I heard the swallow sing in the eaves and rose

All in a strange delight while others slept,

And down the creaking stair, alone, tip-toes,

So carefully I crept.

The house was dark with silly blinds yet drawn,

But outside the clean air was filled with light,

And underneath my feet the cold, wet lawn

With dew was twinkling bright.

The cobwebs hung from every branch and spray

Gleaming with pearly strands of laden thread,

And long and still the morning shadows lay

Across the meadows spread.

At that pure hour when yet no sound of man,

Stirs in the whiteness of the wakening earth,

Alone through innocent solitudes I ran

Singing aloud for mirth.

Till I had found the open mountain heath

Yellow with gorse, and rested there and stood

To gaze upon the misty sea beneath,

Or on the neighbouring wood,

--That little wood of hazel and tall pine

And youngling fir, where oft we have loved to see

The level beams of early morning shine

Freshly from tree to tree.

Through the denser wood there's many a pool

Of deep and night-born shadow lingers yet

Where the new-wakened flowers are damp and cool

And the long grass is wet.

In the sweet heather long I rested there

Looking upon the dappled, early sky,

When suddenly, from out the shining air

A god came flashing by.

Swift, naked, eager, pitilessly fair,

With a live crown of birds about his head,

Singing and fluttering, and his fiery hair,

Far out behind him spread,

Streamed like a rippling torch upon the breeze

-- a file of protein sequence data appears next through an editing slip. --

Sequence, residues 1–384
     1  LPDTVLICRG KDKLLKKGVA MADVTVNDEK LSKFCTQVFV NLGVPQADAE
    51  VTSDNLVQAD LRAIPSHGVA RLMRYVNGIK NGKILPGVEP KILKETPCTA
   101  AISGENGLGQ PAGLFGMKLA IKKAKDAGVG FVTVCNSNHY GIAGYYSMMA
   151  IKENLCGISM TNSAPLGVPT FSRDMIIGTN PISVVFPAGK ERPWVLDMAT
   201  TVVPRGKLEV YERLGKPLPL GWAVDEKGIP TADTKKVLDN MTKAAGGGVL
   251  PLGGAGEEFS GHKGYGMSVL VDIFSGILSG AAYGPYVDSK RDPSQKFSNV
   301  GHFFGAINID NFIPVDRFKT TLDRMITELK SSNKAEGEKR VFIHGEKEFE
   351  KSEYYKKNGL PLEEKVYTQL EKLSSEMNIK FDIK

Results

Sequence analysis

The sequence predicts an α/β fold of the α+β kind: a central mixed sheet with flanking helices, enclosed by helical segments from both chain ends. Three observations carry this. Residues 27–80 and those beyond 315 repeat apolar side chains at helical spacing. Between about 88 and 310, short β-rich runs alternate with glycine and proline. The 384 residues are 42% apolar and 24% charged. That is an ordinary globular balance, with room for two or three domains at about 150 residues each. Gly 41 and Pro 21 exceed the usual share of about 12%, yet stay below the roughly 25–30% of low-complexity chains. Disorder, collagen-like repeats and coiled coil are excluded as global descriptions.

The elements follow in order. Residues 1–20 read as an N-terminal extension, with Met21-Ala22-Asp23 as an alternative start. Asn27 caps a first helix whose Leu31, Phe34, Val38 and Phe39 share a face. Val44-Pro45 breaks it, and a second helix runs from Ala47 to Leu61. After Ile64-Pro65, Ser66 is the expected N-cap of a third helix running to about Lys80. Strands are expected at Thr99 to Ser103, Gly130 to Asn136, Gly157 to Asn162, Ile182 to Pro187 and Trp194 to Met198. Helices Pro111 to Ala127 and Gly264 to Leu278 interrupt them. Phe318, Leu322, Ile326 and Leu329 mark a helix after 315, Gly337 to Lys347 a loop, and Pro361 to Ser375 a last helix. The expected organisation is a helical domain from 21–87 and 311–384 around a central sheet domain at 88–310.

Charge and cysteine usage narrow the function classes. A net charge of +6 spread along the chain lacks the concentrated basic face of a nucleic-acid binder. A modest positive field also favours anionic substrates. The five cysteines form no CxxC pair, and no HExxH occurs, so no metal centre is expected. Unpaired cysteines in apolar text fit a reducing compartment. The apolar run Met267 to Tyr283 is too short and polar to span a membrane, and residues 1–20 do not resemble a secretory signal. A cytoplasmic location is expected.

Of his own glorious swiftness: in the grass

He bruised no feathery stalk, and through the trees

I saw his whiteness pass.

But when I followed him beyond the wood,

Lo! He was changed into a solemn bull

That there upon the open pasture stood

And browsed his lazy full.

XXXIV. The Roads

I stand on the windy uplands among the hills of Down

With all the world spread out beneath, meadow and sea and town,

And ploughlands on the far-off hills that glow with friendly brown.

And ever across the rolling land to the far horizon line,

Where the blue hills border the misty west, I see the white roads twine,

The rare roads and the fair roads that call this heart of mine.

I see them dip in the valleys and vanish and rise and bend

From shadowy dell to windswept fell, and still to the West they wend,

And over the cold blue ridge at last to the great world's uttermost end.

And the call of the roads is upon me, a desire in my spirit has grown

To wander forth in the highways, 'twixt earth and sky alone,

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